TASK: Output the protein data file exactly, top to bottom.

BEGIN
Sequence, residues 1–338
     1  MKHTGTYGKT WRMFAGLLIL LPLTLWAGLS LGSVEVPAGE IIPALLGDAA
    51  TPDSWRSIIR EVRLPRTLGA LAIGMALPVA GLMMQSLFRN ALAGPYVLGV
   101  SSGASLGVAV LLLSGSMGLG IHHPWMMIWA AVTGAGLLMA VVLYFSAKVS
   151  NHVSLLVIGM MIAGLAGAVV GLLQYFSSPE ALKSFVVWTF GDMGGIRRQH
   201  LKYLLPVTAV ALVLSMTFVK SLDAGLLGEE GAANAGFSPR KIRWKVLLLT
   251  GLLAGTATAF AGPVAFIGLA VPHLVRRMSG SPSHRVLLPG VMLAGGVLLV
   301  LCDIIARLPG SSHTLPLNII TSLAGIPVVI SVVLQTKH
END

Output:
Sequence, residues 1–338
     1  MKHTGTYGKT WRMFAGLLIL LPLTLWAGLS LGSVEVPAGE IIPALLGDAA
    51  TPDSWRSIIR EVRLPRTLGA LAIGMALPVA GLMMQSLFRN ALAGPYVLGV
   101  SSGASLGVAV LLLSGSMGLG IHHPWMMIWA AVTGAGLLMA VVLYFSAKVS
   151  NHVSLLVIGM MIAGLAGAVV GLLQYFSSPE ALKSFVVWTF GDMGGIRRQH
   201  LKYLLPVTAV ALVLSMTFVK SLDAGLLGEE GAANAGFSPR KIRWKVLLLT
   251  GLLAGTATAF AGPVAFIGLA VPHLVRRMSG SPSHRVLLPG VMLAGGVLLV
   301  LCDIIARLPG SSHTLPLNII TSLAGIPVVI SVVLQTKH